In this ever-changing world, with shifting demands and responsibilities, I have experimented through multiple task management strategies. E.g: Zettelkasten (much more than task management, but still), Eisenhower matrix, Getting things done (GTD) method, Agile/Kanban, ABCDE method, Franklin planner method, etc.
Finally, I’ve settled on a system that works for me (in most cases). It’s most likely a mash-up of various methods recommended from books, blog posts, conversations with experienced folks, etc. It may not be perfect and might even change in the future with changing roles and responsibilities, but it has served me well since quite some time.
I mostly deal with unit items of tasks which are neither too small, nor too large.
“Steps” to complete one item are not included (Not Too Small).
Projects or ideas that might span a long time (months to years) are excluded (Not Too Large). These items and associated brainstorming don’t come into the task list. Parts of it only come here once these things materialize and are broken down into smaller units. Deliberation on a project, visions, designs, breakdowns into smaller items, are outside of task list.
- P-0: A very short list of things I would do “immediately”.
- Items that someone has told you to do immediately, but which you practically won’t be able to accomplish, should not be included (i.e. give me yesterday things).
- Stress Indicator: A large P-0 list means very high level of stress and is a sign of a problem that you need to address.
- P-1: Slightly larger list that contains the items that I need to address “sooner than later”.
- Many tasks enter directly into P-1.
- During peaceful times, P-0 is mostly populated from P-1.
- Although direct entries into P-0 can still happen, I prefer to avoid this as much as possible
- P-2: A large list of various obligations and tasks.
- These may be things I think I have to do, but they have no associated urgency and questionable motivation.
- This is an often neglected list. It turns out to be a “write and forget” list, with a hope attached that it “may” be used someday.
- General preference is to move things from here to associated project/ideas pages and reevaluate at that level rather than in task list.
- P-X: A short list of things that excite me.
- Keeping it short is crucial.
- If this grows, that means you I am not really excited by all of them and most probably few items need to be in P2.
Every day come up with tasks in two categories (~5/10 minutes daily time spend):
- These are the tasks I have planned for the day, primarily a subset from P-0.
- Meetings are excluded from this for now. They tend to be obligatory and preplanned most of the time. I don’t see a lot of value in adding them as tasks.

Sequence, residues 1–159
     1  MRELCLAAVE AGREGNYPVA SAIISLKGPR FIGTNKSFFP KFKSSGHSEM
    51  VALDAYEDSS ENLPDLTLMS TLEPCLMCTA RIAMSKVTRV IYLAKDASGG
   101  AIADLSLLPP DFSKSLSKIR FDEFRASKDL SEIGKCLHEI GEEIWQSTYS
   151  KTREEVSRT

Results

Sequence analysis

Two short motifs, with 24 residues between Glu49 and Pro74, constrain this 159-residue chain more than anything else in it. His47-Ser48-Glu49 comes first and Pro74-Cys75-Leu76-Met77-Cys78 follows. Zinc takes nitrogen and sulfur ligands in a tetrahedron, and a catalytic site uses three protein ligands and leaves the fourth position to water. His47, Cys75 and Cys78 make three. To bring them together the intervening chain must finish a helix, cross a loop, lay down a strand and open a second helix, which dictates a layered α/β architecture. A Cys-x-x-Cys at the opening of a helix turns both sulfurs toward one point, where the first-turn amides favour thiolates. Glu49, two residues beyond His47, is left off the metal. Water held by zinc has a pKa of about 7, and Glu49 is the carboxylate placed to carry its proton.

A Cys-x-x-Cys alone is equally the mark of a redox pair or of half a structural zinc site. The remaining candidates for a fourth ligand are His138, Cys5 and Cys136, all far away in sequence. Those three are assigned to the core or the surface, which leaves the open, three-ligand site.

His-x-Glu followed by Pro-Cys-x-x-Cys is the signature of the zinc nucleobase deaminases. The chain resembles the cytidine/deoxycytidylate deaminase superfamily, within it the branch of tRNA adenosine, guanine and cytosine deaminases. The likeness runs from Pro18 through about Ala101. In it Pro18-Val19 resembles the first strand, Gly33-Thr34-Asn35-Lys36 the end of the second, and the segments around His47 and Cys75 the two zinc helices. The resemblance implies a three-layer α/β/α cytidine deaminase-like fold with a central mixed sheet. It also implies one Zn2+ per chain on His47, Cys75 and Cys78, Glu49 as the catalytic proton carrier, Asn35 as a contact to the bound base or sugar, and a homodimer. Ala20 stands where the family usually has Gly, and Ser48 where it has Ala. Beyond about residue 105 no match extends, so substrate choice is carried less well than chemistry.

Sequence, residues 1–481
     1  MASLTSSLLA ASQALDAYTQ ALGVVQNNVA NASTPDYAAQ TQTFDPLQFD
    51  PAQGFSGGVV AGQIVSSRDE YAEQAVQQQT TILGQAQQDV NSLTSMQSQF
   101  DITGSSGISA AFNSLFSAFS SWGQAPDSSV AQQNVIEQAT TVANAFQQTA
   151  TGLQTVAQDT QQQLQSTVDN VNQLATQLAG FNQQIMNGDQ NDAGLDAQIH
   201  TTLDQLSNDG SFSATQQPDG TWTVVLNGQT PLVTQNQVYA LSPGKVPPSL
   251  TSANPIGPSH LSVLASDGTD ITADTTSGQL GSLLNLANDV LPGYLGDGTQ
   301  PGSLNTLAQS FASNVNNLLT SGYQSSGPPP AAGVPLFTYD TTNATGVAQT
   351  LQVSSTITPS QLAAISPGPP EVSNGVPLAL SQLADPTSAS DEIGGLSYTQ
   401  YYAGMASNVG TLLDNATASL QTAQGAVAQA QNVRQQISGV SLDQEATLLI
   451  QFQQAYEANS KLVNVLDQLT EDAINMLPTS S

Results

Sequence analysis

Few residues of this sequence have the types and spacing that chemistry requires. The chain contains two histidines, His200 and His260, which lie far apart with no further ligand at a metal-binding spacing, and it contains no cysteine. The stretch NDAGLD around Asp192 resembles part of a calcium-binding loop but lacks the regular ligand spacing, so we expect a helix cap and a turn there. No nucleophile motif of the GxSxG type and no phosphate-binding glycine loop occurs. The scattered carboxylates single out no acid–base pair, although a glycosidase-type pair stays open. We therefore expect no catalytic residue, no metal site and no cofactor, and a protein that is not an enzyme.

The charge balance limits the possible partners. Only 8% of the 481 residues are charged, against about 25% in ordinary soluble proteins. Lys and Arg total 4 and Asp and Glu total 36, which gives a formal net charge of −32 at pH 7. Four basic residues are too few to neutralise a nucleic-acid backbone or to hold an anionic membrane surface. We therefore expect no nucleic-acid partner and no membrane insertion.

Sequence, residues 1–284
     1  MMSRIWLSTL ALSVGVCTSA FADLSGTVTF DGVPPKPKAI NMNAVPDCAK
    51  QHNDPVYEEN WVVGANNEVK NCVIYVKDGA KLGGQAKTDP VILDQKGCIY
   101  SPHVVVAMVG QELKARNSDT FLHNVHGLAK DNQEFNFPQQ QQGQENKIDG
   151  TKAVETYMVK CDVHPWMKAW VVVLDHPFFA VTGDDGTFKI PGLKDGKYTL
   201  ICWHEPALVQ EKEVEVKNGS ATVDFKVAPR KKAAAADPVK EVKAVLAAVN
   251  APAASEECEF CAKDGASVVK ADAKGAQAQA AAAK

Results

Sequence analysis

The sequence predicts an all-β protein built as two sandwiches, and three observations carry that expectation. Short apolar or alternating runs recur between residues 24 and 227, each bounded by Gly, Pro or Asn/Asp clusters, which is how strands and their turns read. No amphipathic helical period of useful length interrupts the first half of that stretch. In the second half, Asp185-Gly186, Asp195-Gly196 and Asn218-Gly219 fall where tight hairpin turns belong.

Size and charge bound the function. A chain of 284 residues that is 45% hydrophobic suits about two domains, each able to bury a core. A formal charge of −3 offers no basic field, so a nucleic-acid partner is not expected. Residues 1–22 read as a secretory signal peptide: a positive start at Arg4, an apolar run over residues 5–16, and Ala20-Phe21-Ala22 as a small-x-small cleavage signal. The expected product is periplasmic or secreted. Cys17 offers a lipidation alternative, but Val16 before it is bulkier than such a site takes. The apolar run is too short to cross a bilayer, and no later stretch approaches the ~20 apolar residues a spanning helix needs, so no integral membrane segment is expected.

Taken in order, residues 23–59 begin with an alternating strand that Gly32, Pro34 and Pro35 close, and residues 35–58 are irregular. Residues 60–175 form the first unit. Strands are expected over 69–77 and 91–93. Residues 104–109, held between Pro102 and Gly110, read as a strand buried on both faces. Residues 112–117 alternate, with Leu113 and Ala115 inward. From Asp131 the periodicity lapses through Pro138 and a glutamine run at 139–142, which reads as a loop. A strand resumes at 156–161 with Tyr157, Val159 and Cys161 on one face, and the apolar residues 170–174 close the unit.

- Look forward to:
- Items that excite me. Generally items come from P-0 or P-X here.
- If there are days when this list is empty, it’s a sign of a problem that I need to address.
- Good days are when there are more than 1 item here.
- Tried and discarded:
- Google keep:
- It served well enough in very early stages.
- Somehow the “features” added increased and its usefulness decreased.
- I still use it for lists or things I need to refer to once in a while, but not for tasks.
- Roam research/Notion:
- Tried them for a very short time and most probably very early in their lifecycle.
- Never got over the initial barrier.
- Editor plugins
- Was interested in this as my writing in Markdown increased over time.
- Multi device availability and less suitability for projects/ideas deliberation were a problem.
- Kanban boards
- Tried it out just for the heck of it at some point.
- Looking at a board at the start of the day was a very bad feeling generally.
- Google keep:
- Microsoft OneNote
- Got introduced to it via a colleague when I shifted to Mac from Linux.
- I can easily keep most things in one “Page”.
- Daily “Do/Look forward to” list can be created in minimal time.
- Moving around tasks is very easy.
- Project/ideas/Meeting notes pages can be kept in same place.
- Sync is available across my devices (Mac/Android).
- There are a lot of features there that I have almost never used. Hope is that the primary workflow and UX for note-taking remains more or less same.
- Microsoft OneNote
Interestingly, this model doesn’t apply to my family life at all. But, I find myself following it about 80% of the time in my work/career life. It’s a delicate balance between the immediate necessities and the sparks of excitement that keep me going.
The red flags, the problems, the overwhelming moments — all find their reflection in this system. It is not necessary that this model reduces stress per se. Depending on the way my career was going the P-0 list was very overwhelming at some points. And even though I was aware of the red flags, I couldn’t do much about it.
I hope sharing this provides a window into my thoughts and methods, but it’s essential to remember that this is purely my experience. What works for me might not be applicable to anyone else, as it’s a product of my unique journey and professional life.